His 2010 paper, “Photophoretic levitation of engineered aerosols for geoengineering [9],” proposes spraying 50nm thick discs of aluminum, barium, titanium and ferrite instead of sulfates.


The Material Safety Data Sheet (MSDS) for nano particulate aluminum oxide [10] says it’s an irritant to the respiratory system, is implicated in Alzheimer’s disease, can cause pulmonary disease, tumors and neoplasms and should also not be released into the environment without proper governmental permits.

Krewski et al [11] found aluminum accumulates in the brain, kidneys and bone. Workers in the aluminum industry are prone to adverse respiratory effects, including potroom asthma and pulmonary fibrosis. Occupational exposure to aluminum is significantly correlated with a variety of neuropyschiatric symptoms including; loss of coordination, loss of memory, and problems with balance. Changes typical of foreign body reaction, alveolar proteinosis and wall thickening, diffuse pulmonary fibrosis and interstitial emphysema were also found. Lower aluminum exposures contribute to Shaver’s disease, a pulmonary fibrosis seen in workers in bauxite refining or exposed to finely divided aluminum powders; and caused pneumoconiosis, fibrosis, and some cases of asthma. Animal studies show that high levels of aluminum in the central nervous system can lead to neurotoxicity. Aluminum could potentiate the aggregation of molecules known to form pathologic lesions in Alzheimer’s disease. There is evidence that aluminum can promote the aggregation of β-amyloid peptide in vitro. It is well established in the rabbit that exposure to aluminum induces the formation of filamentous structures containing cytoplasmic neurofilament protein.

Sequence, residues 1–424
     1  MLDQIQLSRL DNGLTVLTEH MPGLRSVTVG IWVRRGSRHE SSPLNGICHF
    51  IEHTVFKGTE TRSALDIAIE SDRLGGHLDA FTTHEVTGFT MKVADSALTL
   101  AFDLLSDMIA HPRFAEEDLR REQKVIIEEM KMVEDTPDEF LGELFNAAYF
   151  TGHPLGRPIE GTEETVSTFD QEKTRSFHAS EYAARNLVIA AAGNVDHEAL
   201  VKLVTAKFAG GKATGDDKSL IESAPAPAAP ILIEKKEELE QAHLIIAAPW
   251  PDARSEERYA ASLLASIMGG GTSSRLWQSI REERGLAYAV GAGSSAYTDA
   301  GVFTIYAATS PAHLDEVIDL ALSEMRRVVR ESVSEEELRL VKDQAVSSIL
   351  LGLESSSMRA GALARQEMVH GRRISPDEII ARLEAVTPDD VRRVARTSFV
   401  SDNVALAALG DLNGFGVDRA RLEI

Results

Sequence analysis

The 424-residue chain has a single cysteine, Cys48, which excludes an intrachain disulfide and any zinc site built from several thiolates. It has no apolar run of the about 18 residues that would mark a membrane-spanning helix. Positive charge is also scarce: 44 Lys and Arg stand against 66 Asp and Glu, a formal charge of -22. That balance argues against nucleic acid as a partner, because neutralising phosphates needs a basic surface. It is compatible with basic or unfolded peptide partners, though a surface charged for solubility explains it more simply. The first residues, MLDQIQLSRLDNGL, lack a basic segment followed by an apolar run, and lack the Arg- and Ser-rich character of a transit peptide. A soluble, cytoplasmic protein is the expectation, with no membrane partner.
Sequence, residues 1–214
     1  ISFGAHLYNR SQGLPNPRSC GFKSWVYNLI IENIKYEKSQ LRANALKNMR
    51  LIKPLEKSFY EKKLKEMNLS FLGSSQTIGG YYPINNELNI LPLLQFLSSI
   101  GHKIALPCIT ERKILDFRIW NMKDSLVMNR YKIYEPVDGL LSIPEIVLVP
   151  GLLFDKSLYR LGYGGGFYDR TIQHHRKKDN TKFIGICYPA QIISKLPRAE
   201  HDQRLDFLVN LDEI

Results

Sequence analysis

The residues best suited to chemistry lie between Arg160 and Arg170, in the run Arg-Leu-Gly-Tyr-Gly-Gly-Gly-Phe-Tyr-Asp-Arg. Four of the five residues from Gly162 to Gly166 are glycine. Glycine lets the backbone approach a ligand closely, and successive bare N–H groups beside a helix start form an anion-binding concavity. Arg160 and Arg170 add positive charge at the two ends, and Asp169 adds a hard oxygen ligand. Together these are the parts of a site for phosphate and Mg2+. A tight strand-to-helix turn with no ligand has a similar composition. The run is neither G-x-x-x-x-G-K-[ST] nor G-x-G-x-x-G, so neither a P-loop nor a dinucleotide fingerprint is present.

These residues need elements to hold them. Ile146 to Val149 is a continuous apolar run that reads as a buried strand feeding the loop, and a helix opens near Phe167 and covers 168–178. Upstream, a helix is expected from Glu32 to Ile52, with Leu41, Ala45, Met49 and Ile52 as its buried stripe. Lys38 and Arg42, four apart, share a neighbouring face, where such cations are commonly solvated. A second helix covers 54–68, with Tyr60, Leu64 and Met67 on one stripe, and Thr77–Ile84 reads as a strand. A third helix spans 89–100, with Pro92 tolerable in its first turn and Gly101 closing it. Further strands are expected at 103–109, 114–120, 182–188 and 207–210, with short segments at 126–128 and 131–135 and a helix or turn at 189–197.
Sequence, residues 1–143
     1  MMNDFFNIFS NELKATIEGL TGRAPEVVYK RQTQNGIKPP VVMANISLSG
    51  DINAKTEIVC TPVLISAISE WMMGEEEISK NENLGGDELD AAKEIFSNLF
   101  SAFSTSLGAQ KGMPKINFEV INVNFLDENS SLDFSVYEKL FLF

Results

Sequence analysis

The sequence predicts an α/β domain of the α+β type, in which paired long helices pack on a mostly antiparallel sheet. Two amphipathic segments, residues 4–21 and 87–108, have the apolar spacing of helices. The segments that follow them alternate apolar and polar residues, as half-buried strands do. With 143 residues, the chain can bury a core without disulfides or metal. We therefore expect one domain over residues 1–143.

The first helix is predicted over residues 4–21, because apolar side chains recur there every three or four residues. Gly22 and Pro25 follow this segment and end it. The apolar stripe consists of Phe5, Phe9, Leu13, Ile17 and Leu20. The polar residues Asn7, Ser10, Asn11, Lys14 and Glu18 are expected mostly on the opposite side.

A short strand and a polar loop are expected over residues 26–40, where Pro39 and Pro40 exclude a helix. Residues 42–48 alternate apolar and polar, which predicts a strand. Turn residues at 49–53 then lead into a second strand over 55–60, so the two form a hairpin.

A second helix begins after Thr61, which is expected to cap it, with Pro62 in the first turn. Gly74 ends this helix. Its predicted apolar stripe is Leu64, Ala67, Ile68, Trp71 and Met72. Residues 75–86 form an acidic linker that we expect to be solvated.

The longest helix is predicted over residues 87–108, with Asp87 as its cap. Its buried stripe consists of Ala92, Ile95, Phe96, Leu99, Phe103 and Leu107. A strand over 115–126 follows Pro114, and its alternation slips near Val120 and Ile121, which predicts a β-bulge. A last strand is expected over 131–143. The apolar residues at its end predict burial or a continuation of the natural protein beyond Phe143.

Most studies have shown a correlation between aluminum in drinking water and Alzheimer’s disease and aluminum is seven times more bioavailable when inhaled than when ingested orally. Aluminum also adversely effects people with impaired renal function, leading to anemia and and bone disease.

Suarez, Fernandez et al [12] observed that chronic aluminum exposure in mixed cultures of astrocytes and neurons resulted in significant apoptosis and associated neuronal loss.

In vivo and in vitro studies [13] provide indisputable evidence that aluminum can increase the levels of both pro-inflammatory cytokines and glutamate in the brain.

Bondy [14] finds extended exposure to low levels of aluminum accelerates brain aging. Aluminum salts can increase levels of glial activation, inflammatory cytokines and amyloid precursor protein within the brain. Both normal brain aging and to a greater extent, Alzheimer’s disease are associated with elevated basal levels of markers for inflammation.

Campbell [15] et al found aluminum increases oxidative stress and inflammation in the brain, processes suggested to play a role in Alzheimer’s disease. It exacerbates underlying events associated with brain aging and thus could contribute to progression of neurodegeneration.